Teen sailor Abby Sunderland found, but are quests like hers wise?

Rescue boats are on their way to the 16-year-old who was attempting to become the youngest person to circumnavigate the globe solo. Sports and child development experts see red flags in stories like hers.

Richard Hartog/AP/File
Abby Sunderland, 16, looks out from her sailboat, Wild Eyes, as she leaves for her world record attempting journey at the Del Rey Yacht Club in Marina del Rey, Calif. in this Jan. 23, 2010 picture.
Australian Maritime Safety Authority via the Sunderland family/AP
"Wild Eyes," the boat of 16-year-old Abby Sunderland, is seen i this photo provided by the Australian Maritime Safety Authority. Searchers in an airplane spotted her vessel in an upright position and made contact with her via radio late Thursday.

As a French fishing vessel crosses the Indian Ocean to rescue 16-year-old Abby Sunderland stranded in her quest to circumnavigate the globe, debate has been sparked worldwide: Was this a sound project in the first place?

With more and more teenagers attempting record feats such as circumnavigating the globe alone and climbing Mt. Everest, the questions pour out: How young is too young? What are the roles of society and parents in this growing phenomenon? Are kids making their own decisions? When are they mature enough? Who says?

Sports psychologists and development experts say Ms. Sunderland's case is a welcome opportunity to wrestle with these questions and raise consciousness.

Abby is the younger sister of 17-year-old Zac Sunderland, who made history last year by becoming the youngest person to complete a solo global circumnavigation, setting sail at just 16 years old. Starting from Marina Del Rey June 14, 2008, he sailed a 36-ft. sloop 28,000 miles, braving storms, equipment failures, close calls with freighters, and a run-in with suspected pirates. He arrived back in Marina Del Rey July 16, 2009 to worldwide acclaim.

Abby set sail in January in a 40-ft. boat to best her brother’s record.

Sports development experts see red flags in stories like the Sunderlands'.

“I don’t think that record breaking is a bad idea in and of itself,” says Dave Czesniuk, director of operations at the Center for the Study of Sports in Society at Northeastern University. “What must be asked is whether or not this achievement is coming at the expense of normal development in other endeavors, academically, emotionally, socially. The entire context of the youth in question needs to be weighed.”

Mr. Czesniuk and others say one key issue is whether or not a child is making up his or her own mind.

“I am more interested in what the adults are thinking than the kids,” says Dr. Ben Agger, director of the Center for Theory at the University of Texas, Arlington's Sociology department. He says the younger a person is, the more the danger that it is the parent running the show and not any motivation of the child.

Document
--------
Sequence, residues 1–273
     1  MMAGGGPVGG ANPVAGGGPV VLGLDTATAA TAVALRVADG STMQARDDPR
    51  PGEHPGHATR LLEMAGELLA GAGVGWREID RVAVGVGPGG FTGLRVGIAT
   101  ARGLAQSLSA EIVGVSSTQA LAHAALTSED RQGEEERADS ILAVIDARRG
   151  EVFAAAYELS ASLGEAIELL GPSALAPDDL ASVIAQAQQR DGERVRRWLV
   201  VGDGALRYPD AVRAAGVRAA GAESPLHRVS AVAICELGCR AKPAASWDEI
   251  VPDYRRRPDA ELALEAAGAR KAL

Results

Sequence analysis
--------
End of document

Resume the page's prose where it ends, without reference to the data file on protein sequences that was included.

Many parents put their young children in sports with dreams not just of college scholarships, but major-league careers the moment the child shows the slightest aptitude.

More troubling than Sunderland's case, says Mr. Agger, is that of Jordan Romero, the 13-year-old that became the youngest ever to summit Everest,

“How could he possibly know what awaited him in the death zone above 26,000 ft.?” asks Agger, who recently released a book about today’s accelerated childhood, “Fast Families: Virtual Children.” It documents the rise over recent decades of what he calls “performativity” – a society focused on measurement and evaluation and achievement based on getting into college and maintaining job security in the future.

“Much more so than when I grew up in the 60s, kids today are subject to far more relentless evaluation and constant grading,” he says. “Kids lose the opportunity to blossom and play and make mistakes because they are so concerned with activity that will go on their resumes. We have to step back and ask why we as a society expect kids to become adults earlier, how and why we are harboring adult expectations of them.”

Such questions are complex and individual and hard to answer until many years later, say many analysts.

“While the daredevil achievers have achieved, their inner story is still not told,” says author, radio host and fitness manager Debbie Mandel. “How will they fare when they are older?”

Boston-based family therapist Carleton Kendrick says one key parental responsibility is safety.

“As long as children possess the considerable, extraordinary mental, physical, and emotional skills and capabilities necessary to engage in such adventures and challenges, and their parents have taken all measures possible to guarantee their safety and well-being throughout the entirety of these adventures, I have no strong objections to these talented, highly skilled teens going after their dreams,” he says. But if parents can't guarantee their adventurous children's safety, he says, they are "gambling with the very lives and well being of their children.”


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